Murder charge in Lexington officer's death

Grand Jury decision comes as no surprise to lawyer of accused driver

kward1@herald-leader.comJune 23, 2010 

Glenn Doneghy

A Fayette County grand jury on Tuesday indicted a man on a murder charge in the hit-and-run death of a Lexington police officer.

Officer Bryan Durman, 27, was hit while investigating a noise complaint on North Limestone about 10 p.m. April 29.

Police say Glenn Rahan Doneghy, 33, struck Durman with his sport-utility vehicle and then left the scene.

The indictment says that Doneghy "knew or should have known that the accident resulted in the death or serious injury of a person," but that he didn't stop to help.

During a preliminary hearing last month in Fayette District Court, defense attorney Kate Dunn argued that lesser charges — such as reckless homicide or second-degree manslaughter — would be more appropriate and reasonable. She said there was no evidence Doneghy operated his SUV in extreme indifference to human life, which would support a murder charge. The attorney said there was no indication Doneghy was driving recklessly or too fast.

"I'm not shocked that the grand jury has returned an indictment for murder, but I certainly also know the grand jury doesn't hear the whole story," Dunn said Tuesday. "I do expect in the trial of this case that it's going to be shown quite readily that this is not murder."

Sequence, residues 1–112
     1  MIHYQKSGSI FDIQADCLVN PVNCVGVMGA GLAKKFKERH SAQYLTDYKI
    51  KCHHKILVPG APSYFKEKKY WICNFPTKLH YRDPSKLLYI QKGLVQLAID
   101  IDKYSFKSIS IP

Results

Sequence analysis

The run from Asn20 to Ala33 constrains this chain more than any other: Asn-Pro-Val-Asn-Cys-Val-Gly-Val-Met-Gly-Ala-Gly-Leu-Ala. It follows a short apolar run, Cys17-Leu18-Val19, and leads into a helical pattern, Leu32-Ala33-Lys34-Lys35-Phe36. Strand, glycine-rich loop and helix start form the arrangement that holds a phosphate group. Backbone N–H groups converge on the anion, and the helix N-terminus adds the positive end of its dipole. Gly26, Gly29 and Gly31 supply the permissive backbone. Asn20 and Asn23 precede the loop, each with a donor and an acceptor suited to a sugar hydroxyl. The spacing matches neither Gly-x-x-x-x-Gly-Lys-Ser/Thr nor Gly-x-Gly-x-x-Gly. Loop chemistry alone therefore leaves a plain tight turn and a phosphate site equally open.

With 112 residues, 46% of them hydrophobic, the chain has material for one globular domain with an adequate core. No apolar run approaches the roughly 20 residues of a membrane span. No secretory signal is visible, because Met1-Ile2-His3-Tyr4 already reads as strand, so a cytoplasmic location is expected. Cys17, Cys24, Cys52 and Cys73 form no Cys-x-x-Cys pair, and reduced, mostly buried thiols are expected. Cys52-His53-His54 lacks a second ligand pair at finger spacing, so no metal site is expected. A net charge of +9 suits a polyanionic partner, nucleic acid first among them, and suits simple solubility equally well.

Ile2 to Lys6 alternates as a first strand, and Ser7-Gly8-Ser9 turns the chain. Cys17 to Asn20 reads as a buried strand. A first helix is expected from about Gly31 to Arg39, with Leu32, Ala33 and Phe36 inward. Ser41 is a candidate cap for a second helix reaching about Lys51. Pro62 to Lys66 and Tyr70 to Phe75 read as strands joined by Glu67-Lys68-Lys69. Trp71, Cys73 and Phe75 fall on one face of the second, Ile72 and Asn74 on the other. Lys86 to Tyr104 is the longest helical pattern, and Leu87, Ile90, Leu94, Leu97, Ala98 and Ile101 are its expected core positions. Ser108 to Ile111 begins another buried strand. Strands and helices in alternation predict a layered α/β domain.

Defendants in cases like Doneghy's usually are charged with one of three offenses: reckless homicide, which carries a sentence of one to five years; second-degree manslaughter, five to 10 years; or wanton murder, 20 years to life.

For charges of second-degree manslaughter and wanton murder, the accused knows his actions could cause serious injury or death but consciously disregards the risk. For a murder charge, the accused shows "extreme indifference to human life."

Juries considering the murder charge often are also asked to consider whether the defendant should be convicted of reckless homicide. Under that charge, the defendant fails to perceive a risk of serious injury or death that he should have known existed.

Prosecutors and defense attorneys have said that what happens to a defendant can depend on facts such as how fast he was driving, how much he had to drink and how reckless he was.

The grand jury establishes probable cause based only on the testimony of the prosecutor. Dunn said she did not ask for Doneghy to address the grand jury because the accused is not permitted to have a lawyer present.

"There aren't very many defense attorneys who will send their clients under those circumstances," she said.

Doneghy's sister, Glynise Doneghy, declined to comment.

In addition to murder, Doneghy has been indicted on charges of leaving the scene of an accident/failure to render aid or assistance, second-degree assault, four counts of third-degree assault, first-degree possession of a controlled substance, possession of marijuana and use or possession of drug paraphernalia.

The assault charges stem from police allegations that Doneghy attacked them as they were executing a search warrant at his apartment after Durman was hit.

Doneghy cut one with an knife and threw "a caustic substance" on three others, according to the indictment. Court records show a fifth officer sustained abrasions on his hand and elbow.

Doneghy is being held at the Fayette County jail on $500,000 bond.

Last month, Durman's widow filed a lawsuit against Doneghy. The lawsuit says that as a result of Durman's death, his wife, Brandy, "has lost the love, affection, companionship and consortium" of her husband. The lawsuit also says their 4-year-old son, Brayden, "has lost the love, affection and companionship" of his father.

Herald-Leader reporters Josh Kegley and Valarie Honeycutt Spears contributed to this story.

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